The Beginning is Mark’s cue to say, hey, this connects all the way back to that, this picks up that story.
To understand the identity of Jesus we must understand that Jesus is completing what God intended in the beginning.
In the beginning God intended for Adam and Eve to rule the world—when that failed, God came in flesh to restore that original vision and intention. This was the mission behind the incarnation (incarnation meaning “in the flesh”).To understand the identity of Jesus we must understand that Jesus is completing what God intended in the beginning. Click To Tweet
The incarnation of Jesus and the story of his life was the Gospel. It was not reduced to three sentences or a tidy formula. The gospel was the whole life of Jesus.
I am concerned that the word “Gospel” sometimes gets overused without explanation. In such cases, it becomes a catchphrase without clear meaning.
It can be helpful, then, to understand its origins:
“Gospel” was a significant concept in both pagan and jewish cultures. For Romans it meant “joyful tidings”. It was associated with the cult of the emperor, whose birthday, as well as his initial rise to power, were celebrated festival occasions for the whole world. The report of such festivals were called “evangels” in the inscriptions of the imperial age.
An inscription from 9BC says of the emperor Octavian (Augustus): “The birthday of god was for the world the beginning of joyful tidings [gospel] which have been proclaimed on his account.”
This is remarkably similar to Mark 1:1 “The beginning of the gospel of Jesus Christ.” This clarifies the essential contents of an evangel or gospel in the ancient world: “an historical event which introduces a new situation for the world.”
William Lane concludes this: “In this perspective the Roman would understand Mark’s proclamation of Jesus the Messiah…as an event that brings about a radically new state of affairs for humanity” (Lane, The Gospel of Mark, 43)
However, the way in which Jesus would bring about this radical new state of affairs for humanity was greatly unexpected: through suffering.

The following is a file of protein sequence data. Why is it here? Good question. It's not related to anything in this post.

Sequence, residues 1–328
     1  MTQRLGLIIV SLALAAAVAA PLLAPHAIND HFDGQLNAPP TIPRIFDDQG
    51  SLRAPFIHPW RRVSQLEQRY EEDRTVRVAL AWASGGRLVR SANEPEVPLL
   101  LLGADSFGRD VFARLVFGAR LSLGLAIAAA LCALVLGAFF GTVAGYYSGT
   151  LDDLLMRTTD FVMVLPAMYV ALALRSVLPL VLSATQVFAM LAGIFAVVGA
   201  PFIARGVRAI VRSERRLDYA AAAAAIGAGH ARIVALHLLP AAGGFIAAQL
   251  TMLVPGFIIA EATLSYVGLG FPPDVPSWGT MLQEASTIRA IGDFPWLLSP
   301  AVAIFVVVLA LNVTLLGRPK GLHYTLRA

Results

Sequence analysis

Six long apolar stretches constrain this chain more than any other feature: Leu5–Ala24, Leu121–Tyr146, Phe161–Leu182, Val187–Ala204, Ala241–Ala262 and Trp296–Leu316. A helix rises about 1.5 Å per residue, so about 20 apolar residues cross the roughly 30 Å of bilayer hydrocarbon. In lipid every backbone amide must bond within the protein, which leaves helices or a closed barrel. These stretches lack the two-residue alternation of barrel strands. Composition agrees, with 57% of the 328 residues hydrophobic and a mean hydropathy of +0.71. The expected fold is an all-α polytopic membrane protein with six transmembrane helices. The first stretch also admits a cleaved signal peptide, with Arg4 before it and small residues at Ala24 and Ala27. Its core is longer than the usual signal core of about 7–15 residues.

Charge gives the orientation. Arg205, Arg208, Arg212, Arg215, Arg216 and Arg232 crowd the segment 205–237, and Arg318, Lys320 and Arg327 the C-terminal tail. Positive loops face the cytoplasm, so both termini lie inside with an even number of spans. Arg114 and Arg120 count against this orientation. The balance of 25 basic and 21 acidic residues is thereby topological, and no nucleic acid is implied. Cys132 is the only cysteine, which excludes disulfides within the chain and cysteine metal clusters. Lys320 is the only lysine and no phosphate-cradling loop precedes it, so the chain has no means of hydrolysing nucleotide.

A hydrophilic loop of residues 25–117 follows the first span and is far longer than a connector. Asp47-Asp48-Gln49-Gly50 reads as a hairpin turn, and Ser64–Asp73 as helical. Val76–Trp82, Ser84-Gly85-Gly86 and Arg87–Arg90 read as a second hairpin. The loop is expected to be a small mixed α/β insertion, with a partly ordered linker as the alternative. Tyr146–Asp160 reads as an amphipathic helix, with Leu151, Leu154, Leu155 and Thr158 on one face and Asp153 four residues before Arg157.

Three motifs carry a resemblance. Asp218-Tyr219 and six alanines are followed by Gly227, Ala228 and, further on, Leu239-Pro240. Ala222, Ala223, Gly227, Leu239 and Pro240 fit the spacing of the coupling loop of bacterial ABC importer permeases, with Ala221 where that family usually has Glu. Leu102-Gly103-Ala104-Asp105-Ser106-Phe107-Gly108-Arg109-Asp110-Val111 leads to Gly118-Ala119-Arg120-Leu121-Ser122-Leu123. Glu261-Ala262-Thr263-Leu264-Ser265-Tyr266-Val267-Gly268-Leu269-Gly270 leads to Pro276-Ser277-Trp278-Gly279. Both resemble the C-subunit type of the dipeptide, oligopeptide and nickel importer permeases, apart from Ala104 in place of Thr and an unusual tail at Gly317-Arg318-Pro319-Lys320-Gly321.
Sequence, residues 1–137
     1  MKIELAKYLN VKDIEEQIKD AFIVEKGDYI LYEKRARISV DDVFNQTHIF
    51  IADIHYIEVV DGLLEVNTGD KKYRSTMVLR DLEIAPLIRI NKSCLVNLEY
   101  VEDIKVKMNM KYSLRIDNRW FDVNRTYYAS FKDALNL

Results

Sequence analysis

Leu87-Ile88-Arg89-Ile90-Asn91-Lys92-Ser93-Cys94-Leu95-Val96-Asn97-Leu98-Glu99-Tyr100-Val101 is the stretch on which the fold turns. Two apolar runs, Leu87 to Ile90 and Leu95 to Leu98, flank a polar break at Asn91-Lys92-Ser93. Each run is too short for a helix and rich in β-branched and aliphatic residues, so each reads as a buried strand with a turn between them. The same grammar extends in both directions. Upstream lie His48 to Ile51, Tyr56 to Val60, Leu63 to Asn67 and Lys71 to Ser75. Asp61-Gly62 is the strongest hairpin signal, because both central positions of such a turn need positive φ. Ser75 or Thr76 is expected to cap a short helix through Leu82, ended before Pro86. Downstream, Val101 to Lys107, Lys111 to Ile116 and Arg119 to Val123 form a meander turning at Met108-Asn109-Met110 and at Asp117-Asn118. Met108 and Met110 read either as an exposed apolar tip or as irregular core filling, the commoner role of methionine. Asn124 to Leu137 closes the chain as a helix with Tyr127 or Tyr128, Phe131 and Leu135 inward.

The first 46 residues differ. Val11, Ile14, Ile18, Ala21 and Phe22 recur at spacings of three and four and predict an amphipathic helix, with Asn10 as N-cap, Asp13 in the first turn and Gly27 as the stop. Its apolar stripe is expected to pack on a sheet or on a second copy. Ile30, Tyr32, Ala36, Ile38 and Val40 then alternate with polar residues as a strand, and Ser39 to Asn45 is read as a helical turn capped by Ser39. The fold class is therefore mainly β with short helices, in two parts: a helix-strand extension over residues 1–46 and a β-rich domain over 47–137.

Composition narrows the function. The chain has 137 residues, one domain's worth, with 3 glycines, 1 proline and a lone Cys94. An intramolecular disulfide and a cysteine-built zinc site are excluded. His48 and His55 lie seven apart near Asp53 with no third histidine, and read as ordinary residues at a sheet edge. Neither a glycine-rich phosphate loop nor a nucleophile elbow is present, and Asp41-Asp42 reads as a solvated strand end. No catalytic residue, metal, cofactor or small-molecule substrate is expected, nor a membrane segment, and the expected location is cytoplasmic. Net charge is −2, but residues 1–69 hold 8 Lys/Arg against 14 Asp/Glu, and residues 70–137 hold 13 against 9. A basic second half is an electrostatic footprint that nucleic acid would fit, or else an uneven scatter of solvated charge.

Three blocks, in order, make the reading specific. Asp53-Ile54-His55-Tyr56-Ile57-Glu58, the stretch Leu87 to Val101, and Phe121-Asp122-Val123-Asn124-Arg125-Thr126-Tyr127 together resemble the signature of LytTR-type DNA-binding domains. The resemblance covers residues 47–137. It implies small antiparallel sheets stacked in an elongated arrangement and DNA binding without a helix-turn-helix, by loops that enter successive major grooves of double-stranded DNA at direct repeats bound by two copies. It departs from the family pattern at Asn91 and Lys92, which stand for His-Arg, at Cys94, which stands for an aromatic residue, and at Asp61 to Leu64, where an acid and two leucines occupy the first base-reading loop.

The Suffering Son of God
42 Jesus called them over and said to them,“You know that those who are regarded as rulers of the Gentiles lord it over them, and those in high positions act as tyrants over them. 43 But it is not so among you. On the contrary, whoever wants to become great among you will be your servant, 44 and whoever wants to be first among you will be a slave to all. 45 For even the Son of Man did not come to be served, but to serve, and to give his life as a ransom for many.”
— Mark 10:42-45 (CSB)
37 Jesus let out a loud cry and breathed his last. 38 Then the curtain of the temple was torn in two from top to bottom. 39 When the centurion, who was standing opposite him, saw the way he breathed his last, he said, “Truly this man was the Son of God! ”
— Mark 15:37-39 (CSB)
This Gospel of the Son of God was not just any Son of God, it was the suffering Son of God.
The truth is, we are so reluctant to accept that the hard thing in front of us could produce good fruit inside of us.
As followers of Jesus, the inclination is one of two things. 1) Either we feel like we have to pretend like its not hard because then we are weak or we do not love and believe God enough.” Or, 2) We spiritualize it and take it as a sign that we aren’t called to be here anymore, to do this thing anymore because it isn’t happening with a ‘divine flow’.”The truth is, we are so reluctant to accept that the hard thing in front of us could produce good fruit inside of us. Click To Tweet
Jesus, the suffering Son of God blows these categories. He is God and man. He is both the man who suffers and the God of the suffering. He is God and the sufferer. They coexist. They are one in the same. God himself does not eschew suffering.
Can we both admit that this thing in front of us is hard and also say “I will keep walking through it?”